What is tooling?

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thalion

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"Tooling" is a word I see people throw around in an engineering context on this board from time to time. I've looked for a definition online in vain. What exactly is it?<br /><br />Any response would be appreciated; thanks in advance...
 
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vogon13

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Stuff you need to make things over and above the raw materials.<br /><br /> <br /><br /><br /> <div class="Discussion_UserSignature"> <p><font color="#ff0000"><strong>TPTB went to Dallas and all I got was Plucked !!</strong></font></p><p><font color="#339966"><strong>So many people, so few recipes !!</strong></font></p><p><font color="#0000ff"><strong>Let's clean up this stinkhole !!</strong></font> </p> </div>
 
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spacester

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I've worked as a Tooling Engineer. It's tough; machine design is a cake walk in comparison. I am not familiar with the breadth of Aerospace fixtures.<br /><br />Tooling is mostly comprised of Fixtures and Jigs. Jigs are simple setups that use the workpiece as part of the set-up.<br /><br />The purpose of Tooling is to hold the workpiece while you apply your manufacturing process to it. Thus the word 'fixture'. It ain't so much the holding of it as it is holding it precisely, and what's even more important is getting the workpiece(s) in and out of the fixture quickly.<br /><br />Weld fixtures can be all over the map from stuff not much more than a fancy anvil to customer-owned highly specialized productivity focused setup fixtures to pneumatic-assisted work tables designed and programmed to work in harmony with robotic welders. They have to withstand a harsh environment, including the fact that welders like to beat on things with sledgehammers. <img src="/images/icons/laugh.gif" /><br /><br />Drill fixtures are very common. NC (Numeric Controlled) machining centers use a lot of fixtures, but conventional machinists using the Knee Mill and Lathe use very few. Other manual machines tend to call for more fixtures than mill and lathe IME.<br /><br />Metrology fixtures are a whole 'nother animal. These are smallish, precision engineered and custom machined highly precise and highly specialized measuring devices. Used in conjunction with high volume manufacturing IME, using SPC (Statistical Process Control) to make sure your high volume parts are staying in tolerance. An extreme diversity of gadgets are produced for metrology, it's cool stuff. The finest machinists are needed.<br /><br />Sticker shock is to be counted on when customers get the quotes back on what their tooling is going to cost. Many a business plan has been thwarted when the tooling cost projections turn out to be woefully short.<br /><br />There are essentially ZERO economies of scale with tooling.<br /><br />As I imagine <div class="Discussion_UserSignature"> </div>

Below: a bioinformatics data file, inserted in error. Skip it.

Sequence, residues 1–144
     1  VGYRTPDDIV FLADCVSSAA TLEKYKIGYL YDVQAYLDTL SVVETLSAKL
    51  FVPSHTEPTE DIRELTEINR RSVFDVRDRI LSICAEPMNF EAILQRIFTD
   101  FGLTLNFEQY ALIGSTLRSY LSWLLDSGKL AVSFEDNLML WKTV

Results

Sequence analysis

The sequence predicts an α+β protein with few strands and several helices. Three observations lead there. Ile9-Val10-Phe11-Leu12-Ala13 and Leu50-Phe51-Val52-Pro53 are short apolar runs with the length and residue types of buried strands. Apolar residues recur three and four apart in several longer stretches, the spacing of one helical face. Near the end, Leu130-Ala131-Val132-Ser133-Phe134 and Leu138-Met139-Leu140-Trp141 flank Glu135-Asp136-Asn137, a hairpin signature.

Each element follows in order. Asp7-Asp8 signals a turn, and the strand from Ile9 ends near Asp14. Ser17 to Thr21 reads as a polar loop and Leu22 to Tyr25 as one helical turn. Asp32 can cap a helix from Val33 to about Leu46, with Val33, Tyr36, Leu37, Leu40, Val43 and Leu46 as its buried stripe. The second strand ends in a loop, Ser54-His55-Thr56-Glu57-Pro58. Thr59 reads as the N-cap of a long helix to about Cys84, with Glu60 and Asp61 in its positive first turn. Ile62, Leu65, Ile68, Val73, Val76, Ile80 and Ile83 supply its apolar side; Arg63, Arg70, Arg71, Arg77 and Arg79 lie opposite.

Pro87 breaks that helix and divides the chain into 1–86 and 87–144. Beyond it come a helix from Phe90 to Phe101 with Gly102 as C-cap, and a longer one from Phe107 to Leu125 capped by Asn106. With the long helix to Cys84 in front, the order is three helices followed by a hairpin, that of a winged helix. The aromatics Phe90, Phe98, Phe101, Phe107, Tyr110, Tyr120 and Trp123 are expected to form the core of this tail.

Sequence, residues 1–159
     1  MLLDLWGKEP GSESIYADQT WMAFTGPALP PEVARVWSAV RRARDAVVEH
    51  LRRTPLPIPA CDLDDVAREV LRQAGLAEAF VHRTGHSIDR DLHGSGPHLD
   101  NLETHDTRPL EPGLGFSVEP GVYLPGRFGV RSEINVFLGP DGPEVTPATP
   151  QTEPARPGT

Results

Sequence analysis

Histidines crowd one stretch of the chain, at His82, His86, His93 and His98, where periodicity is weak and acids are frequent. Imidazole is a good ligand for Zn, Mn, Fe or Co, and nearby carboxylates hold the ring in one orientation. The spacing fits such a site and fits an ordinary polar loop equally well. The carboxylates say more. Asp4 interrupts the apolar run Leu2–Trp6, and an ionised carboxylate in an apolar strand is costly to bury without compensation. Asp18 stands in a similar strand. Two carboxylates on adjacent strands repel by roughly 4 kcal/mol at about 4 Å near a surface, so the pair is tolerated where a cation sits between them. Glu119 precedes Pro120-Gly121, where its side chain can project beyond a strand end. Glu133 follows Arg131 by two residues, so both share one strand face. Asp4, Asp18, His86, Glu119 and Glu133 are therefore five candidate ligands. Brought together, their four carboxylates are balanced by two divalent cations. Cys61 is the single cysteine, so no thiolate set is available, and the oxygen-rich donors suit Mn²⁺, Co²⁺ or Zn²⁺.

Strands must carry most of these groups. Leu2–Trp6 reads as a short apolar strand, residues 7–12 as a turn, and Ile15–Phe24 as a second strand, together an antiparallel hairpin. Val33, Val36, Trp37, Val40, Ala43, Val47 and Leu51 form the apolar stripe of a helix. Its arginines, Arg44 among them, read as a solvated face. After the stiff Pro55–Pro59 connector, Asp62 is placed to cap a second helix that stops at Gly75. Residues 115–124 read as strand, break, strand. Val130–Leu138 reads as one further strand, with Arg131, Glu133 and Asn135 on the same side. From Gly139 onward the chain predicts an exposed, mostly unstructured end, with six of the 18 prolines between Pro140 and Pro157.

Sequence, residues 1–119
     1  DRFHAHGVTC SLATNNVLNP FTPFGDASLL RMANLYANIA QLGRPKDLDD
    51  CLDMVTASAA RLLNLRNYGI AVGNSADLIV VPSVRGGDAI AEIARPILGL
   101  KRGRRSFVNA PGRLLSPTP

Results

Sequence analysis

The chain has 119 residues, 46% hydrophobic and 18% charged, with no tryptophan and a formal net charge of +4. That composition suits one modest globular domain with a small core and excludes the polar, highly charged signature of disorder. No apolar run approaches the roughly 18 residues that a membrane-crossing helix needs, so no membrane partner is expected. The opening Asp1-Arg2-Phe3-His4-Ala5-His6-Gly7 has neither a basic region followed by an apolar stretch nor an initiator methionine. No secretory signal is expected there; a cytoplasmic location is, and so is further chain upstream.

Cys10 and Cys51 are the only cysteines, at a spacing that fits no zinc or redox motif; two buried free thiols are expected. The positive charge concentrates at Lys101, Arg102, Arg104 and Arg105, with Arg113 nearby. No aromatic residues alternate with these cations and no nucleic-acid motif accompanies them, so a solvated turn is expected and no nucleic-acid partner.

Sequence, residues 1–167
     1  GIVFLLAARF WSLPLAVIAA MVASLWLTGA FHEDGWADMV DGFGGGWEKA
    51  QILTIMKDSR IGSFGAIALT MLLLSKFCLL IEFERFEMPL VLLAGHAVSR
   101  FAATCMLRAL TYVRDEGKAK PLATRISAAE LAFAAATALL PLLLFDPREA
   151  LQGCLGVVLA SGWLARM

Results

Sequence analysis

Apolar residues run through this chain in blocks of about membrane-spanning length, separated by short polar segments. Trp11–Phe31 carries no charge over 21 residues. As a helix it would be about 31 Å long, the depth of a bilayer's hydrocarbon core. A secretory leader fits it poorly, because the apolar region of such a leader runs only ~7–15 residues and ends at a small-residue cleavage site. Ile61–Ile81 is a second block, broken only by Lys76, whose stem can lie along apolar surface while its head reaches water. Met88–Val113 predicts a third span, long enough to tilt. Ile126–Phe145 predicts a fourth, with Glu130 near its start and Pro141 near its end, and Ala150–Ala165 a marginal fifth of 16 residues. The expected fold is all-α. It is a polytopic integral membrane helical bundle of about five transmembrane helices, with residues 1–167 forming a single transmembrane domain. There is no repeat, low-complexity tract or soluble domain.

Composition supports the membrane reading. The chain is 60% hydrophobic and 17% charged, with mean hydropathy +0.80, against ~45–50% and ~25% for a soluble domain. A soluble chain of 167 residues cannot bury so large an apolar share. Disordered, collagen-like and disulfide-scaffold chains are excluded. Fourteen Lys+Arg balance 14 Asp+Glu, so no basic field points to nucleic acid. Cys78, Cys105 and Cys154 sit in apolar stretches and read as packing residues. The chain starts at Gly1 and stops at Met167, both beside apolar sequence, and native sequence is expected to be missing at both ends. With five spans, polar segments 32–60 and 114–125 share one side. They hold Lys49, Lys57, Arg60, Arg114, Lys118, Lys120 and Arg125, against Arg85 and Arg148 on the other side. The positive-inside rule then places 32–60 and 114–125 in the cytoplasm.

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spacester

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I left out an entire, huge area of tooling: Stamping, pressing and forging operations all require very expensive and tough 'tool and die' stuff. It's not easy making stuff that is extremely strong and durable while also maintaining high precision. <div class="Discussion_UserSignature"> </div>
 
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thalion

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Thanks much, all. <br /><br /><img src="/images/icons/smile.gif" />
 
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spacester

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I can't resist throwing in a space flight factoid; an argument for the practicability of off-earth manufacturing.<br /><br />The nickel-iron "natural alloy" of an M-type Asteroid can be expected to be an excellent source of material for tooling of all types. <br /><br />It's sometimes said to be a "natural stainless steel" but that's not really true because of (apparent) lack of Chromium. But hey, if you replace Chromium with Nickel, you've got superior material properties compared to almost all stainless steels.<br /><br />(That is another significant cost component in tooling: all the materials used are expensive. ) <div class="Discussion_UserSignature"> </div>
 
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